Scientific evidence indicates a need for immediate action to reduce total greenhouse gas emissions and manage a rapid transition to net zero emissions by 2050 if we are to limit the many climate change risks facing the Australian people, economy and environment.

Last December I asked Has the climate tipped? when commenting on an article Climate tipping points — too risky to bet against by Timothy M. Lenton, Johan Rockström, Owen Gaffney, Stefan Rahmstorf, Katherine Richardson, Will Steffen and Hans Joachim Schellnhuber. Some of them signed the bushfire statement, knowing full well that the climate is already dangerous and that net zero emissions by 2050 is insufficient, too slow and cannot be the endgame.

Prof John Quiggin in a recent article Humans are good at thinking their way out of problems – but climate change is outfoxing us says he thinks the climate has tipped here in Oz, so it is out of human control. In some areas of human activity such as farming, we are exhausting our capacity to adapt to climate change:

    There is growing evidence that Earth’s systems are heading towards climate “tipping points” beyond which change becomes abrupt and unstoppable. But another tipping point is already being crossed – humanity’s capacity to adapt to a warmer world.

In my long-read article Climate emergency – ecological sustainability within planetary boundaries, and a safe climate I cited James Hansen:

    Hansen warned that if we reached 400ppm by 2015, as we would under BAU, then dangerous climate change would be unavoidable.

    He advocated no new coal-fired power without sequestration in advanced countries from 2012, ditto for developing countries by 2022, bulldoze the lot by 2050. He saw sequestration as 10 years away as an available technology, but then we should use it to draw down CO2 from the atmosphere, ie. from 2017.

He said that in 2007.

I suspect that in retrospect we will see the record global surface temperatures of 2016 and the crazy hot northern hemisphere summer of that year as a turning point. The Australian bushfire season of 2019-2020 has simply highlighted in a spectacularly obvious way that dangerous climate change has not been avoided, it is with us now.

That long-read post also goes into a 2015 paper mainly hatched by Johan Rockström and Will Steffen Planetary Boundaries: Exploring the Safe Operating Space for Humanity. The paper has 29 authors, including H. Schellnhuber, J. Hansen, T.M. Lenton (known for tipping points) and T. Hughes (known for coral reefs).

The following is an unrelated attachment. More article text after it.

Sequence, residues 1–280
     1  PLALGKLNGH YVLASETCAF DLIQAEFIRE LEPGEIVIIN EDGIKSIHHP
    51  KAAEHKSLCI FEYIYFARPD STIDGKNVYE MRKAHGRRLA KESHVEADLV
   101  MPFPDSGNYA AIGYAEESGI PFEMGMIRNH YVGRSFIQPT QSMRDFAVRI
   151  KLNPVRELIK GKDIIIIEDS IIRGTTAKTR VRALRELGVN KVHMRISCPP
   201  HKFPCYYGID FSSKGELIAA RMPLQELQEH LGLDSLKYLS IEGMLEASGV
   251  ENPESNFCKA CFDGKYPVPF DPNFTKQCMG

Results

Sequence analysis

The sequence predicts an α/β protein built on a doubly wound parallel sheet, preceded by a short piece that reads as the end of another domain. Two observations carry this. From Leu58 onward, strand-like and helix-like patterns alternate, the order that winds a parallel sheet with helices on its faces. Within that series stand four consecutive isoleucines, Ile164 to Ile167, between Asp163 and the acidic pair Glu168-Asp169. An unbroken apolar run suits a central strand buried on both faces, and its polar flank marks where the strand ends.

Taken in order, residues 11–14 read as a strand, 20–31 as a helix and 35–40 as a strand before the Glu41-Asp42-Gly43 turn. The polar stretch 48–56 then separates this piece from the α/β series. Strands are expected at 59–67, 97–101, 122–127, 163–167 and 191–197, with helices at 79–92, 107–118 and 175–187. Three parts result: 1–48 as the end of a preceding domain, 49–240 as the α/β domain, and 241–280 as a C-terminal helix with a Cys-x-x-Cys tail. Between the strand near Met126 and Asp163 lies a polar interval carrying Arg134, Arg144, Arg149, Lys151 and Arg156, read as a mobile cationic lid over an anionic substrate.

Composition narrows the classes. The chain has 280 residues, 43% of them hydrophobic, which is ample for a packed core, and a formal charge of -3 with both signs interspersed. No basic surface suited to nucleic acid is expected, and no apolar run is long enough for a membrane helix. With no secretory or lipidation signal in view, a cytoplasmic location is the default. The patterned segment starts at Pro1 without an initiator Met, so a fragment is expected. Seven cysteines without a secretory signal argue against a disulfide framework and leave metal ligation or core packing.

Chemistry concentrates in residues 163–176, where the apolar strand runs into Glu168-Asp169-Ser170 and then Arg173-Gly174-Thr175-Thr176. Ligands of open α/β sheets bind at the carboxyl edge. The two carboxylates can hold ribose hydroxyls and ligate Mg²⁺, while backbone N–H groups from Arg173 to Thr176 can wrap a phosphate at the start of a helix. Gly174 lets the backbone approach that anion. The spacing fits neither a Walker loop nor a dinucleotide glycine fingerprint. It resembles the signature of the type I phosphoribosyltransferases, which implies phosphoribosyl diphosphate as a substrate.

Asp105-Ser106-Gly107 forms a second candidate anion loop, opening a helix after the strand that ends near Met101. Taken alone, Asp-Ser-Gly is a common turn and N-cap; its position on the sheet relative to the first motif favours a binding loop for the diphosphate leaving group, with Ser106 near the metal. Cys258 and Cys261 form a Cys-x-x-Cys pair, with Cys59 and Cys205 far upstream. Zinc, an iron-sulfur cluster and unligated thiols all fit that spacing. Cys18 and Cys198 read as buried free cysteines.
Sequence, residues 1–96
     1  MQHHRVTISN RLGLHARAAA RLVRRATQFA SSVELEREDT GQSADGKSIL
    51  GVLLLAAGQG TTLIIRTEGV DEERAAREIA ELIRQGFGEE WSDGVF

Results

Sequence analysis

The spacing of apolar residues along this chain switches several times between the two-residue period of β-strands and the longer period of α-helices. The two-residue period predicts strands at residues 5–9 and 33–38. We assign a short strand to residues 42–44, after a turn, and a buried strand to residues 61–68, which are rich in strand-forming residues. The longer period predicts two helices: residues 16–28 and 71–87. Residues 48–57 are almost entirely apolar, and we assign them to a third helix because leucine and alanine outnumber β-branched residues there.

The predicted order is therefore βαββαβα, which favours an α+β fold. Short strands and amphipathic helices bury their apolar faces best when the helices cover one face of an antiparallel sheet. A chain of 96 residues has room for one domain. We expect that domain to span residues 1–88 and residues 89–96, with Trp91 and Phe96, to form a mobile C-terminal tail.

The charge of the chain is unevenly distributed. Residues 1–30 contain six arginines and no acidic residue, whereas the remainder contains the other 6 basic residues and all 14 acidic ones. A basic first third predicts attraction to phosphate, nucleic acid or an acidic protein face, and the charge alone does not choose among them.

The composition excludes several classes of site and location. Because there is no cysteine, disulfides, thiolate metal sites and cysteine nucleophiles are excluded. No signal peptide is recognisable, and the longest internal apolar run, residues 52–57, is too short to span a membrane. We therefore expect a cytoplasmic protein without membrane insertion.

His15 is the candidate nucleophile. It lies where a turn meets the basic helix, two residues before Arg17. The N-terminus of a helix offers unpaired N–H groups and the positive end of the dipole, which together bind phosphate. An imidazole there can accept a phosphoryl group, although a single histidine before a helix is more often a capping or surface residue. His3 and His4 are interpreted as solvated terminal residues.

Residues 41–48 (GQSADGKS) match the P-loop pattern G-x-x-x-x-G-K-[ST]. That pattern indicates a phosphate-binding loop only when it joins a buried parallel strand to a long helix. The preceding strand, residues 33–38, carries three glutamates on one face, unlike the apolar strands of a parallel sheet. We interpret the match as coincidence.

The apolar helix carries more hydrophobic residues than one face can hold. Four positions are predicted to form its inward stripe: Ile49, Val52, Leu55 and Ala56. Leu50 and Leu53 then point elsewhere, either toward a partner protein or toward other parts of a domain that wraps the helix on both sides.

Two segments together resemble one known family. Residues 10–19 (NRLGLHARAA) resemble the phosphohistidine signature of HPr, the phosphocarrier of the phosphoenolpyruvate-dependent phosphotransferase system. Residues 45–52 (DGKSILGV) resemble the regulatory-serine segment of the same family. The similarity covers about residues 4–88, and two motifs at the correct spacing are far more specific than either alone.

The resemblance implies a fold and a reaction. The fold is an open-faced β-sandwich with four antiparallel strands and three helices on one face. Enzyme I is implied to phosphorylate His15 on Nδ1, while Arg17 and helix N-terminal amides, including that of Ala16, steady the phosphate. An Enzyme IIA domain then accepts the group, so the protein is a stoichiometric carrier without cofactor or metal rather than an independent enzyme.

A more readable version is Johan Rockström, Will Steffen, et al A safe operating space for humanity Sept 2015, which says about climate change:

    We propose that human changes to atmospheric CO2 concentrations should not exceed 350 parts per million by volume, and that radiative forcing should not exceed 1 watt per square metre above pre-industrial levels. Transgressing these boundaries will increase the risk of irreversible climate change, such as the loss of major ice sheets, accelerated sea-level rise and abrupt shifts in forest and agricultural systems. Current CO2 concentration stands at 387 p.p.m.v. and the change in radiative forcing is 1.5 W m−2 (ref. 11).

(The concept was originally aired earlier in 2009, before the UN Copenhagen climate conference, which famously went off the rails.)

These articles and the planetary boundaries concept constitute a meeting of great minds. These are the only references I know where Hansen and Schellnhuber are joint authors. Rockström has now succeeded Schellnhuber as head of the Potsdam Institute for Climate Impact Research.

Sadly, we, climate scientists generally (there are exceptions), the IPCC and the UNFCCC, have taken no notice.

The planetary boundary of 350 ppm was passed in September 1988, two months after James Hansen’s Senate testimony made climate change a public policy issue.

There never was any burnable carbon for a safe climate.

In the bushfire letter, rather than hope of a safe climate we are being offered as a desirable goal a climate that is dangerous, but has a chance of not being catastrophic.

A different view prevails at Breakthrough, National Centre for Climate Restoration, where a new discussion paper Delivering Maximum Protection: An effective goal for a climate emergency response by Adam P.A. Cardilini and Philip Sutton says:

    The climate is already unacceptably dangerous. This means that the world is too hot, there is too much greenhouse gases in the atmosphere, and there is no budget of acceptable further emissions. The Paris +1.5°C goal is not safe or acceptable. A safe climate needs to be restored by stopping emissions immediately and by taking the excess greenhouse gases out of the atmosphere as fast as possible.